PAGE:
Paddle for the Planet

Words: Thea van der Westhuizen/Dawid Mocke│Photos: John Hishin - Cape Town Sport Photography

Inspiring People

Paddle for the Planet attracted 26 countries to help raise awareness about Marine Conservation. On 1 June 2013, more than 26 countries participated in Paddle for the Planet’s (P4P) signature awareness-raising global paddling relay event. The relay was in the form of a time zone ‘pass-on’, so when one time zone finished, the next one started. In South Africa, Durban and Fish Hoek participated.


Paddle for the Planet (P4P) is an international non-profit organisation that aims to contribute towards sustainable marine reserve conservation across the globe by, a) raising awareness amongst paddlers across the globe about the importance of sustainable marine reserve conservation, b) uniting paddlers across the globe and c) act on our ethical responsibility as paddlers towards marine conservation.



More than 60 paddlers, all dressed in green to support the cause, and the Geriatski’s Surfski Group gathered at sunrise at the Durban Undersea Club, where P4P’s team member Thea van der Westhuizen spoke to them about the importance of conserving the ocean we paddle in daily. Thea went on to explain how the oceans are under threat from pollution, global warming and over fishing, and this has led to the depletion of our fish species, as well as fish stocks being driven down and the beauty of the oceans compromised. “The ocean should be protected out of respect and the intrinsic right marine creatures have to live,” stated van der Westhuizen. The group was also addressed by an expert in Marine Biology, Dr Camilla Floris, who added that, “Over 70% of the Earth’s surface is water. Oceans provide us with essential resources and services, including food, minerals, oil, medicines, and recreation. The ocean also has an important effect on the biosphere, and therefore has a responsibility towards marine conservation.”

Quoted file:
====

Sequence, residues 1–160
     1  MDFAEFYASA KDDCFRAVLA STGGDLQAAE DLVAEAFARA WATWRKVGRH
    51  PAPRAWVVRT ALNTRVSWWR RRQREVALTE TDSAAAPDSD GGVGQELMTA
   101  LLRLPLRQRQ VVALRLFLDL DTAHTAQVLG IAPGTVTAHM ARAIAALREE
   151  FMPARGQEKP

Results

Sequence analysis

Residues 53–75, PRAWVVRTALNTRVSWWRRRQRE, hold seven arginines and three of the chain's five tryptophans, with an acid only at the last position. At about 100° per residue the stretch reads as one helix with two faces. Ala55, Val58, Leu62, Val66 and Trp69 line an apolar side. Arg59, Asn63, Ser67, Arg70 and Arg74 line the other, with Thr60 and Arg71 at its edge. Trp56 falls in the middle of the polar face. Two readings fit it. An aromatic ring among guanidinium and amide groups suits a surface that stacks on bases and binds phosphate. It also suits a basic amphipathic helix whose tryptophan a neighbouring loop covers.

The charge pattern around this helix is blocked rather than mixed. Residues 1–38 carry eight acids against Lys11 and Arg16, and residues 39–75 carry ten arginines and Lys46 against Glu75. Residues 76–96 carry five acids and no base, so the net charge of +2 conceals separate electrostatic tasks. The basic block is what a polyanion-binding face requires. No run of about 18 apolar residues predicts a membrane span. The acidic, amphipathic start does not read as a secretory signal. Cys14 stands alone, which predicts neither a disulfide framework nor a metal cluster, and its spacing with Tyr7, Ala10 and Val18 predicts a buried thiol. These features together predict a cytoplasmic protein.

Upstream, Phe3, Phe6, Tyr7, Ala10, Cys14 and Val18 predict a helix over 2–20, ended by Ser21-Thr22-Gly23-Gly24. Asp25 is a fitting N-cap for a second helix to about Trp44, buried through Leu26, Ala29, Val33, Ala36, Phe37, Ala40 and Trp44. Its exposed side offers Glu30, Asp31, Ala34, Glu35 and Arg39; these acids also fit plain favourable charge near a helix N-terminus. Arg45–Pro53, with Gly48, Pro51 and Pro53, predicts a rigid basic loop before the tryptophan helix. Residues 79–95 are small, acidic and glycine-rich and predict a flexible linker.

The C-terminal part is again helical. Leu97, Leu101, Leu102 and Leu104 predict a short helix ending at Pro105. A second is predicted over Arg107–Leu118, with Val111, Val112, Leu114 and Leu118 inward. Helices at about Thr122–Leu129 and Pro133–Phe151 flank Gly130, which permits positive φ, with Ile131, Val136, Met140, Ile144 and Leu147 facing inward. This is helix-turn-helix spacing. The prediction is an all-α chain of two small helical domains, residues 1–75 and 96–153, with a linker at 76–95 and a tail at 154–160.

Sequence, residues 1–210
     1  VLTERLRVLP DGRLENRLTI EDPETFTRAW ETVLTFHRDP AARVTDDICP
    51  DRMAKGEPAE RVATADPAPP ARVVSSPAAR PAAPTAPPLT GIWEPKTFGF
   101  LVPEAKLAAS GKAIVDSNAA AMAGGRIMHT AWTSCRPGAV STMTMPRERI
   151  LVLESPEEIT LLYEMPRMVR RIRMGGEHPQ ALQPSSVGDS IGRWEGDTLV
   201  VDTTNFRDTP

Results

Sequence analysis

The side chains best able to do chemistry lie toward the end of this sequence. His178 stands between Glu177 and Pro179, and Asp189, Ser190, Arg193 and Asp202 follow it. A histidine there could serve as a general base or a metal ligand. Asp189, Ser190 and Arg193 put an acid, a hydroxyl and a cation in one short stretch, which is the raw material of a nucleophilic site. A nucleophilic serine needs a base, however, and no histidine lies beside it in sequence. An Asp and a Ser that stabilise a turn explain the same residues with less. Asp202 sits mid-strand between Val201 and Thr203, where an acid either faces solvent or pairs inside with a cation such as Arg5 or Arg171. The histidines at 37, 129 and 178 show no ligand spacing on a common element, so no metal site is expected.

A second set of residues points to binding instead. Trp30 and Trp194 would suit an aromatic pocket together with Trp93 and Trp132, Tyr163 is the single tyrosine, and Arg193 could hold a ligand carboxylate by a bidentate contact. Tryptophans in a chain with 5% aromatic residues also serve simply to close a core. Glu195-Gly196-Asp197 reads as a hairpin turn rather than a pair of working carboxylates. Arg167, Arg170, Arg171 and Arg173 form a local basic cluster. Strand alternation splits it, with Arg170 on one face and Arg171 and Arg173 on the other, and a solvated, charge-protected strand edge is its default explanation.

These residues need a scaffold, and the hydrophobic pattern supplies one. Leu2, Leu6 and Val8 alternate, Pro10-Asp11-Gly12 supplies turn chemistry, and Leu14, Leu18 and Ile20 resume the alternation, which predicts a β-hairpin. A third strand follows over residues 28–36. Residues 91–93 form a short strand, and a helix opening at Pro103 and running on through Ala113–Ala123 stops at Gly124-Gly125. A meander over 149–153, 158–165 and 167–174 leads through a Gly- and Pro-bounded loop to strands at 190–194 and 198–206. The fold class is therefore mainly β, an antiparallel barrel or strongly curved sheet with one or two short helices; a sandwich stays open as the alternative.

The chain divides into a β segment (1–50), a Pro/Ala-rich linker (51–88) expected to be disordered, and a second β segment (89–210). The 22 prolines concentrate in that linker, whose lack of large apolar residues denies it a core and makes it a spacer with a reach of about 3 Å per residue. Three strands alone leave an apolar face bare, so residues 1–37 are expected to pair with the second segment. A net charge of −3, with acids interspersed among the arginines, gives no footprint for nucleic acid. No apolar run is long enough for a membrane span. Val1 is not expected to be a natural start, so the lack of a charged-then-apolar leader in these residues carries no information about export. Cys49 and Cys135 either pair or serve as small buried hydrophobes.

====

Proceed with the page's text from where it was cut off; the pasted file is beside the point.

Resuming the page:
Paddlers concluded their 12 km paddle with a breakfast at Durban Undersea Club (DUC). DUC donated R5 per breakfast to marine conservation and raised a total of R3,500-00.


Fish Hoek

Paddle for the Planet in Cape Town was represented by two very brave and hardcore groups that had to contend with an extreme cold front. This made the turnout of 30 paddlers at Fish Hoek and Hout Bay rather remarkable. The crowd from Fish Hoek were all on surf skis, with one solitary kayaker also taking on the 10 km challenge to Muizenberg Beach and back. While at Hout Bay, it was the Stand Up Paddle boarders that braved the weather to do some laps in Hout Bay’s harbour. The events raised just over R1,200-00 for Paddle for the Planet.


Support from P4P

The marine reserve that is supported by P4P currently is Daram, an archipelago of islands in a far-flung corner of Raja Ampat, Indonesia. This region, located off the north west coast of the island of New Guinea, is known to be the most biodiverse tropical marine region in the world. In an area the size of a football field, there are more species of coral than in the entire Caribbean. More than 70% of the known species of coral in the world and 1,200 species of fish live in these clear blue waters. The magnificent islands of Daram are in imminent danger. Their remote location and great distance from the rightful landowners make them an ideal base camp for illegal operations. Without protection, Daram will be decimated by shark finning, reef bombing, turtle harvesting, live fish trade, and illegal logging.


In 2012, over $22,000-00 was raised by P4P and channelled through to the Daram Marine Reserve, where the funds were used to purchase support boats and for the upkeep of the reserve.



If you would like to make a donation to this worthy cause, visit


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